Al-Issa also heads the Saudi Defense Ministry affiliated Intellectual Warfare Center, which combats terrorist and extremist ideology.  

In 2020, the Institute of Gulf Affairs, a D.C. think tank that is critical of the Saudi government, accused Al-Issa of antisemitism based on his appearances on Saudi radio in 2014. The Muslim World League responded by saying that it was aware of a “small group” that was trying to “sully” Al-Issa’s achievements with Jewish organizations and would not let themselves “be distracted by the deplorable efforts of any organization that seeks to divide Muslims and Jews.” The American Sephardi Federation, one of the groups that awarded Al-Issa the 2020 Combat Anti-Semitism award, told The Forward that the Shiekh has shown friendship to the Jewish people “in word and deed.”

Over the past few months, the university has engaged with different initiatives with Muslim leaders and countries. In April 2021, Berman visited Dubai for Yom HaShoah, where he spoke and met with Muslim leaders in business, education, politics, and academia. Additionally, on Oct. 5 of this year, Sheikh Abdullah bin Ahmed Al Khalifa, undersecretary of the Ministry of Foreign Affairs for Political Affairs of the Kingdom of Bahrain, visited YU as part of a two-day trip meeting Jewish leaders across the city. According to the Bahrain Center of Excellence, he spoke about the “importance of the role of global research and academic institutions in supporting a culture of peace and religious tolerance.”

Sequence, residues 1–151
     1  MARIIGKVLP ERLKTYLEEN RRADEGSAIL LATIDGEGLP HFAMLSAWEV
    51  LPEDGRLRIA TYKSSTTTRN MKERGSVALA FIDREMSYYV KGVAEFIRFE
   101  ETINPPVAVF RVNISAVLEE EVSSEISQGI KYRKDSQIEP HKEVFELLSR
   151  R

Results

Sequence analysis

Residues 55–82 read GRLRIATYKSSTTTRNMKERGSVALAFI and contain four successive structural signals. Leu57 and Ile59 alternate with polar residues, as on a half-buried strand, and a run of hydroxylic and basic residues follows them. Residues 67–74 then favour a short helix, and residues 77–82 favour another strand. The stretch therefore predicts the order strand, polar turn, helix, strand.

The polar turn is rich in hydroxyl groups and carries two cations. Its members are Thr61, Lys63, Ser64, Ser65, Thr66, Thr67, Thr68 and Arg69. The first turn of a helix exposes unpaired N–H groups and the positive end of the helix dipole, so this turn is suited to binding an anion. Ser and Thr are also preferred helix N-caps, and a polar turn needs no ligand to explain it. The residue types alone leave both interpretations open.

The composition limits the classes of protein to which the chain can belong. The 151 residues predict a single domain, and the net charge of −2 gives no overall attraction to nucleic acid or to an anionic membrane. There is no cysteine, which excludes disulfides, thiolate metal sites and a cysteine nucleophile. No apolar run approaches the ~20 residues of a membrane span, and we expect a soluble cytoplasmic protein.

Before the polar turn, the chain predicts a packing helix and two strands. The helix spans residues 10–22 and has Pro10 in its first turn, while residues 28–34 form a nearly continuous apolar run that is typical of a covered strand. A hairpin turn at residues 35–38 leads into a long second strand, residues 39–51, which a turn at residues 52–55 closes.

“This next generation of Muslims and Jews have a great opportunity to reconnect the personal bonds that we shared among our communities for generations, only to sadly let them fray because of politics in recent decades,” Al-Issa told The Commentator. “We have so much in common, so much shared history, culture, tradition and even religious practices. We must not let political issues stand in the way of our inter-communitarian relations, which have the power to do so much to heal old wounds and build a stronger alliance against the common foes of hatred, intolerance, racism and extremism.”

He added, “I see us making progress. Obstacles remain but inshallah we shall prevail.”

Toward the end of the program, Berman asked the sheikh, “What do you think prevented an event like this from happening earlier in history, and what do you think changed to make this event possible today?”

Al-Issa responded, “Maybe I didn’t receive an invitation before.”

Photo Caption: President Ari Berman spoke with Sheikh Mohammed Al-Issa to over 100 attendees.

Photo Credit:  Yeshiva University